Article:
For nearly 50 years, the Asian Development Bank has supported its developing member countries as they strive to close their infrastructure gaps. Building on the progress made over that time, these countries now recognize the importance of adopting higher technical specifications and advanced technology in infrastructure projects. But they are often unaware of the options available and can be deterred by high initial costs.
On recent visits to some Nordic countries, Portugal, Spain and Austria, I had the opportunity to meet with CEOs of companies that use advanced technologies to build bridges, power plants, and water and sewage systems. These companies have been operating for decades in many parts of the world including Asia, investing continuously in technological innovations. I was impressed by their enthusiasm for sharing their knowledge and experience with Asian countries. So, why not learn more from such innovative companies from around the world and involve them in delivering better infrastructure for improved public services in our region?
There are at least three reasons for designing and executing projects with advanced technologies in developing Asia.
First and foremost is the need to address climate change effectively through mitigation as well as adaptation. Without the use of frontier technologies, the targets set last December at COP 21, delineated in the Paris agreement on climate change, will not be achieved. We need to provide energy for all while cutting carbon dioxide emissions, in line with a U.N.-led initiative. This requires countries to invest more in new and cleaner technologies, including renewable energy, smart grids and energy efficiency. They also need innovative urban transportation solutions, such as integrated multimodal transit systems and electric vehicles.
Second is the demonstration and development impact of projects with advanced technologies. Higher standard infrastructure can help countries move up the quality ladder, establishing models that can be replicated through their own resources. While the ADB is increasing its annual financing capacity by 50% to at least $20 billion by 2020, the needs of developing countries remain far higher. The ADB and other multilateral institutions can maximize development impact by supporting the spread of higher technology.
The third reason, at a more practical level, is the cost incurred over the life cycle of infrastructure assets. The higher initial investment cost of projects with advanced technology often leads countries to opt instead for less expensive lower technology solutions. But these initial savings may be illusory, as they do not account for other costs often quite significant such as maintenance and replacement.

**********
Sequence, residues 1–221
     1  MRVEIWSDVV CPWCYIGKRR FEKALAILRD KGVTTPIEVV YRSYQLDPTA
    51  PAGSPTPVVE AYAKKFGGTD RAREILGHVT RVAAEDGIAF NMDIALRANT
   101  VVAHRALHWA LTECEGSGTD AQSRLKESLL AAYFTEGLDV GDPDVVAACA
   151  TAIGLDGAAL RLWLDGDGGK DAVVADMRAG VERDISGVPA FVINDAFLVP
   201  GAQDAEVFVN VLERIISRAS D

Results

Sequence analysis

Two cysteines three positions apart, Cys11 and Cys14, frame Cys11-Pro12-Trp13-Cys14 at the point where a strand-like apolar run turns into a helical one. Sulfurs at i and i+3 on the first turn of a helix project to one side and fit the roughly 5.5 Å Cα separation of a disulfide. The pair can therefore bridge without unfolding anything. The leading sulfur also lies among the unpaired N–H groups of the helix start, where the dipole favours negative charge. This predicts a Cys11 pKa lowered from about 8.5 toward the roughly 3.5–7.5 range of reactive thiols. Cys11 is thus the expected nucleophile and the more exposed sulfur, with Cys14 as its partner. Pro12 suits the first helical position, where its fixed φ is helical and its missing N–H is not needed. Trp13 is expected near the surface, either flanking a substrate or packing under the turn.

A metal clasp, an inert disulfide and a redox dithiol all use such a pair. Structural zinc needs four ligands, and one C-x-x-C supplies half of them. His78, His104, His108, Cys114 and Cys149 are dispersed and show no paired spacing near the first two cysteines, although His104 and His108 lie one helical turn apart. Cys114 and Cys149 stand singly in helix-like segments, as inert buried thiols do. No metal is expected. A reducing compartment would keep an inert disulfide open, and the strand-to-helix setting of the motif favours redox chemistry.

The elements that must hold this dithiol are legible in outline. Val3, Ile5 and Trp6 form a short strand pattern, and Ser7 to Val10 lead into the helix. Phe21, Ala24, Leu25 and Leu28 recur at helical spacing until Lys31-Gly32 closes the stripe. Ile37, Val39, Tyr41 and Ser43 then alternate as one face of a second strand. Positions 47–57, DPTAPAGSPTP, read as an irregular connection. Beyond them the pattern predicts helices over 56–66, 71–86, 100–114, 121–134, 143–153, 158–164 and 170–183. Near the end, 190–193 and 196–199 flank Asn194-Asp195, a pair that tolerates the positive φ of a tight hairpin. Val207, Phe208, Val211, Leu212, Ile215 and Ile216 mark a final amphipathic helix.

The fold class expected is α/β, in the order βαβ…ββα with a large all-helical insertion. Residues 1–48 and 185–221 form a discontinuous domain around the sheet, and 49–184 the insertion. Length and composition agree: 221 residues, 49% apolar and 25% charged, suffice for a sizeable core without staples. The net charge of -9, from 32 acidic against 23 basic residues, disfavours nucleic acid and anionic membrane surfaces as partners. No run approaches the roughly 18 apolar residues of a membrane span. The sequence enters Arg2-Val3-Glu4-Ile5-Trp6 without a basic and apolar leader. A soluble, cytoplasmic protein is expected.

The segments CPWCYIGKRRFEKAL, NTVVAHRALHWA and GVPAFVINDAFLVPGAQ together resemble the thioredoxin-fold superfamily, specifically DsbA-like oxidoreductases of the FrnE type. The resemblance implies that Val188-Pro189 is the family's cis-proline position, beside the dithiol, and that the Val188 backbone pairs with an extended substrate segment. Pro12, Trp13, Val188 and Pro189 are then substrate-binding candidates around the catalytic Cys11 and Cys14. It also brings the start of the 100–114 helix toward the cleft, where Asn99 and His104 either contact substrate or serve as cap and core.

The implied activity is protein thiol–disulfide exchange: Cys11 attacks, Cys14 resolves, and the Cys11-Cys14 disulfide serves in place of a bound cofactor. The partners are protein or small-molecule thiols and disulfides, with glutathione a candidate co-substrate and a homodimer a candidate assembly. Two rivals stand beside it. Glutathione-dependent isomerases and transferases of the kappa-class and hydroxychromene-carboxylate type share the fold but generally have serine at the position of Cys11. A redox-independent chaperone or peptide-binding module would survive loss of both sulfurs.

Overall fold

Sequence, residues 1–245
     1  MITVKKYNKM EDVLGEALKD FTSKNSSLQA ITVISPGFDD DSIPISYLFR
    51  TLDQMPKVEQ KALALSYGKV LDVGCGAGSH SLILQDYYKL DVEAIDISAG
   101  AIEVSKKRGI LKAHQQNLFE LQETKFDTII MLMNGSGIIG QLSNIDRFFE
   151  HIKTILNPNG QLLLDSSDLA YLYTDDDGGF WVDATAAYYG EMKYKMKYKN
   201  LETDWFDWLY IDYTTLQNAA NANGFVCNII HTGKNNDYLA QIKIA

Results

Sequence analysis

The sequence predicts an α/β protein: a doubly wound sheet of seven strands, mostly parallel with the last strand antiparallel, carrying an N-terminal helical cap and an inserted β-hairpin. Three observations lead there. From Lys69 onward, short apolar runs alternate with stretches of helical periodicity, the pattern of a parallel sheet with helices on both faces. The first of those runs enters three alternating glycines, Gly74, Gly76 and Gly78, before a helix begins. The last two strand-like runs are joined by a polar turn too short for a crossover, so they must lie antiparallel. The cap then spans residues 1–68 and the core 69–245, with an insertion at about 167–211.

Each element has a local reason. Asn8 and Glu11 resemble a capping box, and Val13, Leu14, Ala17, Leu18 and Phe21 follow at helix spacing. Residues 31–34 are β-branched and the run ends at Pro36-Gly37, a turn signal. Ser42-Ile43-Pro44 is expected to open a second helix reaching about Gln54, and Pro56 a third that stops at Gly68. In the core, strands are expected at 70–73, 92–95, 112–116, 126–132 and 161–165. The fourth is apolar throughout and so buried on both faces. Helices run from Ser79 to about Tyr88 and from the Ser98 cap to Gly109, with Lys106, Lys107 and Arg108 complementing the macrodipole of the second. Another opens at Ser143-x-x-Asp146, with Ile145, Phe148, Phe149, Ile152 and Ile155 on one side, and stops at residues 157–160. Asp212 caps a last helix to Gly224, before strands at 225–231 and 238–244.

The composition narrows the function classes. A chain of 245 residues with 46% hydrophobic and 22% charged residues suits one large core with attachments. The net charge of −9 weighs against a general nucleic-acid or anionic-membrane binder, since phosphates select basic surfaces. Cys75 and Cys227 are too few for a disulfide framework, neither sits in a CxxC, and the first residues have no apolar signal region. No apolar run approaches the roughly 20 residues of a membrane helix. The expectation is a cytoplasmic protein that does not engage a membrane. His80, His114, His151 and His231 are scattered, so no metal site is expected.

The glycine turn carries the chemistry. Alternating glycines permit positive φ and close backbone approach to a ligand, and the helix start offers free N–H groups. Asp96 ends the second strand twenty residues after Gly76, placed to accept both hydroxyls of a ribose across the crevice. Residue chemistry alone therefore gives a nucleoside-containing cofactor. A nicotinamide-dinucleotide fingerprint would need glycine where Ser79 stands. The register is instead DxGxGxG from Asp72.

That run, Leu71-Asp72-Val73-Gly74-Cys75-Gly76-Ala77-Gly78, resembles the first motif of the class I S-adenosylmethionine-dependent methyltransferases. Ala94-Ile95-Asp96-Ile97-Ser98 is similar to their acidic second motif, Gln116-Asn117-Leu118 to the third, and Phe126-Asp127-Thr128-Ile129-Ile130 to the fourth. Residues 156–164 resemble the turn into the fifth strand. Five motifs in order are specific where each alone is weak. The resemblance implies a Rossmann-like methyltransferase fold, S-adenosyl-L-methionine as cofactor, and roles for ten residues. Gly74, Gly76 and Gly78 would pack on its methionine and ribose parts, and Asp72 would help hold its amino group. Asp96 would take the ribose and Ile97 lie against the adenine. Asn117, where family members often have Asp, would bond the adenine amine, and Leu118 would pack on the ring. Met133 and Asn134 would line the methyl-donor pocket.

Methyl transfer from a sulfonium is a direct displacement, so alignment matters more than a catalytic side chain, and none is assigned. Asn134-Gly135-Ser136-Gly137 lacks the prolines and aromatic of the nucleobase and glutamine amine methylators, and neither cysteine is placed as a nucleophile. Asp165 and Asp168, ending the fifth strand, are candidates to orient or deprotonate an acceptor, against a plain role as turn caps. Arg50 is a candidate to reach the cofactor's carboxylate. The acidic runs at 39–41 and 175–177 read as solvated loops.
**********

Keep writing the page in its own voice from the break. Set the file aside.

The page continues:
Through a three-pronged action plan, the ADB will help developing Asia adopt advanced technology.
First, we will strengthen our support for project design to balance cost, quality and sustainability considerations over the life cycle of infrastructure assets. To accelerate this shift, projects with advanced technology or green content will be prioritized for ADB financing.
An example is the recently approved $1 billion India Green Energy Corridor and Grid Strengthening Project, which adopts high-voltage direct current transmission technology to improve efficiency and reduce transmission losses as well as carbon emissions. The Sri Lanka Jaffna Kilinochchi Water Supply and Sanitation Project will install a desalination plant to treat seawater for a potable water supply, using semi-permeable membranes to separate salts from the water. Metro projects in Hanoi and Ho Chi Minh City in Vietnam will result in cleaner, more efficient and integrated urban transport systems. The $1 billion Railway Investment Program in China included installation of braking systems that enhanced energy efficiency and reduced CO2 emissions over the life cycle of the railway.
Second, in procurement arrangements, the ADB will place greater emphasis on the quality of consultants to ensure countries get access to the best expertise in the latest advanced technologies. We will also make increased use of single contractor arrangements, such as turnkey contracts. This makes it easier to maintain a consistent focus on quality, as the same contractor will handle engineering, procurement and construction.
Third, we will provide more expertise on innovative approaches. The region’s middle-income countries can already finance their projects at reasonable cost through financial markets. Unless the ADB can effectively combine finance with knowledge and expertise, we will not add value. The ADB itself must continue to build up solid knowledge and expertise.
For this purpose, I have established seven sector groups such as energy, transport and urban, as well as eight thematic groups such as climate change and public-private partnership within the ADB. These groups will provide leadership in our knowledge work, advise countries, drive innovation in our projects and build partnerships with centers of excellence and other institutions. In addition, our human resources department has recently started an experts pool system to recruit highly specialized talent in such areas as smart grids, railways and water utility management.
Asia accounts for half of the world’s population, one-third of global gross national product and the same share of global emissions. As it is growing rapidly, it could reach half of global GDP and an even higher share of global emissions by 2050.
Asia’s performance matters greatly. It is time for transformative action to build a smarter, more sustainable Asia and Pacific region through more advanced technology. The ADB will play an important role in this effort by partnering with innovative companies and institutions from around the world.
(Takehiko Nakao is president of the Asian Development Bank)